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Hazel Baker Denton

Ironing Day

by Hazel Baker Denton

Thoughts While Ironing:  II

Ho, hum! . . . my day and Eleanor Roosevelt's. . . . I wonder how I'd feel in her shoes . . . or she in mine . . . the humming-bird, who has been an ever faithful early-morning caller at the four-o'clock bed, has perhpas flown to a bed of her second choice among flowers. . . . How I envy the mother who said to me the
other morning, "Daughter and I were just talking things over" . . . having a little or big daughter to bring her wee worries home would be sweet joy. . . . You are right, Mr. B----, there isn't anyting more important than an eight-year-old expecting his bicycle unless it's a fourteener trying to put new life into a junk-heap Ford. . . .     Culture in unexpected places: the NEW YORK TIMES BOOK REVIEW revealing its title above the frayed edge of the coat pocket of an unshaven, crippled derelict who asked me for a handout
yesterday morning. . . . Am certainly enjoying the washer I bought second-hand for little more than the war-in-Europe price of a pork roast. . . .

 

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Nevada Cottonwoods

(Written in protest after our village Mayor
and Council recommended that all
cottonwood trees be dug out or cut
down and replaced with the more
aristocratic "hardwoods")


Gnarled denizens of desert wastes,
Whose heat and sand
And bitter need of shade
You eased in toil and stress
Of towns newborn--
Deep as your roots
Must be your soul's contempt
For those whose love has died,
Your use outworn!

Take heart, young shoots, in canyon coolnesses,
Lost the while from man's ingratitude–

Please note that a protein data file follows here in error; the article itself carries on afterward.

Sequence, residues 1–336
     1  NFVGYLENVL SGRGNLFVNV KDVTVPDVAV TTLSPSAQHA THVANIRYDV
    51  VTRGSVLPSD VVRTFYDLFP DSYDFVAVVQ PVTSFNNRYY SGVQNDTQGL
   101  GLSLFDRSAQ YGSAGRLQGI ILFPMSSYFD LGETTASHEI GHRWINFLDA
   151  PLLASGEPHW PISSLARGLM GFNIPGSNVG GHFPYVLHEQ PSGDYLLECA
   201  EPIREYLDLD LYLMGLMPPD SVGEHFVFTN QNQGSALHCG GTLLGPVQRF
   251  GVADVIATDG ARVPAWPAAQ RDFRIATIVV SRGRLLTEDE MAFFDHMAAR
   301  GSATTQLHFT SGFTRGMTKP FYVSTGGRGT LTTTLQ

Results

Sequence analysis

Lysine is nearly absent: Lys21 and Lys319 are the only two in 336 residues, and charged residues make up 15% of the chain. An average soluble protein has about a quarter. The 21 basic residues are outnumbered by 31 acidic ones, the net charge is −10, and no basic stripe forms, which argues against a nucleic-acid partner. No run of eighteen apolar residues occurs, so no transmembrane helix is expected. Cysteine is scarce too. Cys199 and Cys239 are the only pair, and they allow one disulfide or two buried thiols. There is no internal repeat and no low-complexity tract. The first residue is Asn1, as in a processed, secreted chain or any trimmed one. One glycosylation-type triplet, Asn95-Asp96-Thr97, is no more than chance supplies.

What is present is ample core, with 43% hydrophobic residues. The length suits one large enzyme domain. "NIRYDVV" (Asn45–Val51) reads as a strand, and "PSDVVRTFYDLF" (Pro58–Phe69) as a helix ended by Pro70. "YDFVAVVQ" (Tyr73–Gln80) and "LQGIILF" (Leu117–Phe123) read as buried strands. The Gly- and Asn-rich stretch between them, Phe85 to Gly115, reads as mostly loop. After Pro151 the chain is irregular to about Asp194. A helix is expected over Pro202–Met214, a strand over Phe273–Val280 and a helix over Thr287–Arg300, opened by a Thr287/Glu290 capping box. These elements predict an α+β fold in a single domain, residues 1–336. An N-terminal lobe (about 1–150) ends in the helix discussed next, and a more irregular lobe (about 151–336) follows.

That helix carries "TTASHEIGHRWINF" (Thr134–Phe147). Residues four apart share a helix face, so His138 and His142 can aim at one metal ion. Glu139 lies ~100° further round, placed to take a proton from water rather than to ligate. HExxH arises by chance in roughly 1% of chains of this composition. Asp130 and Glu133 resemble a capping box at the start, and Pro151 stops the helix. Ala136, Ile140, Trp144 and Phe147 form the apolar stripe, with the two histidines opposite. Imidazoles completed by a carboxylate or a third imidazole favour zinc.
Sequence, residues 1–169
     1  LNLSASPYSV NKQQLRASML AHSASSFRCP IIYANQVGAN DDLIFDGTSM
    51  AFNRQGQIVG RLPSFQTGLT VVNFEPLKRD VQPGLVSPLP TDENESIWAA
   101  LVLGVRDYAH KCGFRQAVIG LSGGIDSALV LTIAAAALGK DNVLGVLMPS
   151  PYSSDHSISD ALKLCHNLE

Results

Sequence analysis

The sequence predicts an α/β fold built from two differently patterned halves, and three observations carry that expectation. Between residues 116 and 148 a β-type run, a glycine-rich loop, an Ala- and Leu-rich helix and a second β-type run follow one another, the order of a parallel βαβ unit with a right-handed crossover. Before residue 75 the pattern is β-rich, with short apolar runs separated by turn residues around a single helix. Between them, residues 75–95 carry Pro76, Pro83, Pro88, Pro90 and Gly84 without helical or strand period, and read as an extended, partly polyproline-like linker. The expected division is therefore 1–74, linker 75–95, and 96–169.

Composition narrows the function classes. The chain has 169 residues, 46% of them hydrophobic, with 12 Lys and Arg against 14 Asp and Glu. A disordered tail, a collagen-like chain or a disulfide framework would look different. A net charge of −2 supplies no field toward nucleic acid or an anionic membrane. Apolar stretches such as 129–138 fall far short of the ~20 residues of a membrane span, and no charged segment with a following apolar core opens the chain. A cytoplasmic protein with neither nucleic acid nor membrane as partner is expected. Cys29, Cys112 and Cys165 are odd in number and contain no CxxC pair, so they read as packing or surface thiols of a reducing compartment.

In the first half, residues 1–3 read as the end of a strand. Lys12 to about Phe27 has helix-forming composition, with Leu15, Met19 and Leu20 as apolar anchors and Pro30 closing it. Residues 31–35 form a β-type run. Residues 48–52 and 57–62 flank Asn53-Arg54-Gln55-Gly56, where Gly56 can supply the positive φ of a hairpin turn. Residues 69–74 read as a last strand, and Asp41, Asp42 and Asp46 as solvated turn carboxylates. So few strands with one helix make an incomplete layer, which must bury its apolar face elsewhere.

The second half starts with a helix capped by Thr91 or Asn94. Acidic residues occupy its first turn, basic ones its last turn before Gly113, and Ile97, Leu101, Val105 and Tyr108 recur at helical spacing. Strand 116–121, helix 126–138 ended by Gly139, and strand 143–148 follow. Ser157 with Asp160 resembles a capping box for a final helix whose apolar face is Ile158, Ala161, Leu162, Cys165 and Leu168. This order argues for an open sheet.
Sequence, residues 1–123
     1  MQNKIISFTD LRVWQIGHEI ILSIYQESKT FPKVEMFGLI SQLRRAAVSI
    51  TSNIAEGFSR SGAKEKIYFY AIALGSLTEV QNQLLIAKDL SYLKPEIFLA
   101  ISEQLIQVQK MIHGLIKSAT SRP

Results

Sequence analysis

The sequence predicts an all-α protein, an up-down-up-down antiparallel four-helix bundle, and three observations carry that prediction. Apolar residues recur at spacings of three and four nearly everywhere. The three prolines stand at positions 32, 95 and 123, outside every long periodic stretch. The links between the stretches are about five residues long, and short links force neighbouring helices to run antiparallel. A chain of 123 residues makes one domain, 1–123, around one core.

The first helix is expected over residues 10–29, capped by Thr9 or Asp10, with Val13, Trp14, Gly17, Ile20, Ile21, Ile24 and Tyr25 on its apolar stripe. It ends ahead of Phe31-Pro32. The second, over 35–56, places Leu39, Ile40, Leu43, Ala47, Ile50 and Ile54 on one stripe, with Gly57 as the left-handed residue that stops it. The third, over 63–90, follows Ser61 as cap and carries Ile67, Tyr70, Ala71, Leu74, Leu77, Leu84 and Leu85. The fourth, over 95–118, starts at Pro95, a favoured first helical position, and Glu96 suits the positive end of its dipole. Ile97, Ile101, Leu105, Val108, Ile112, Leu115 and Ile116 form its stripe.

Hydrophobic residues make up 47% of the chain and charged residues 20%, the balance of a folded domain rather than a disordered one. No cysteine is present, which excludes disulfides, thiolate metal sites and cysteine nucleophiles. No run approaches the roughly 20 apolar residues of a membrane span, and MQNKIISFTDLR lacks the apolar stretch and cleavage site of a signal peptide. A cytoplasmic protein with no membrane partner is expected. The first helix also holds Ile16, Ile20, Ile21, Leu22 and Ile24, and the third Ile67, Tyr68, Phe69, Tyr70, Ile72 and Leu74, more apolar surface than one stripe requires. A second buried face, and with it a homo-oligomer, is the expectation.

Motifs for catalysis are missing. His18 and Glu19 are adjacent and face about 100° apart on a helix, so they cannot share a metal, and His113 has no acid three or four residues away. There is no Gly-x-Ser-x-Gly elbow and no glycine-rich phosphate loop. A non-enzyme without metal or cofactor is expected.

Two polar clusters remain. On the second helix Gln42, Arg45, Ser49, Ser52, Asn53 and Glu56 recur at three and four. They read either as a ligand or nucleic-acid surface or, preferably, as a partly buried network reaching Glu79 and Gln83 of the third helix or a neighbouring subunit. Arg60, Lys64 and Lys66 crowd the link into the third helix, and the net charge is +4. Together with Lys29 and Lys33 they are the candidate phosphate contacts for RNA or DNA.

There still must come
From some far spot
Now groaning in the dust and misery
Of our ageless upward struggle to the stars,
Some youthful pioneer
Who'll plant and guard you tenderly
In his solitude.

 

Nine-Year-Old Boy-Scouting

The bathroom is neat as a pin,
Each towel on its personal rack.
As housekeeper rampant I grin.
Your bedroom's as neat as a pin!
But, honey, I miss you like sin.
Oh, please, king of chaos, come back!
The house is all neat as a pin,
But my poor lonely soul is a wreck.

Not For Sale

This is my home . . .
Long-loved retreat
Where young friends laugh
And old friends meet.
These sun-encrusted walls
Enclose the sun and sum
Of all my days.,

A rain-kissed garden tree
Extends great arms of sympathy;
It knows the way I've come
Through all the years and tears
To slow fruition.

The tinkling gate
Recalls the times
My working mate
Was late to tea . . .
Perhaps he stopped to buy for me
A candy bar, or new edition.

Each room resounds
With sounds of baby prattle,
The tap of tiny feet,
Of adolescent battle;
The notch upon the door
Records our first-born's height
When he was four.

Why tear apart these memories
Of Life's most sweeted treasuries?
Why change to scenes and fields untried,
To scale new walls unfortified?
This spot is mine
These whited walls
Enfold the sun and storm
Of all my days.

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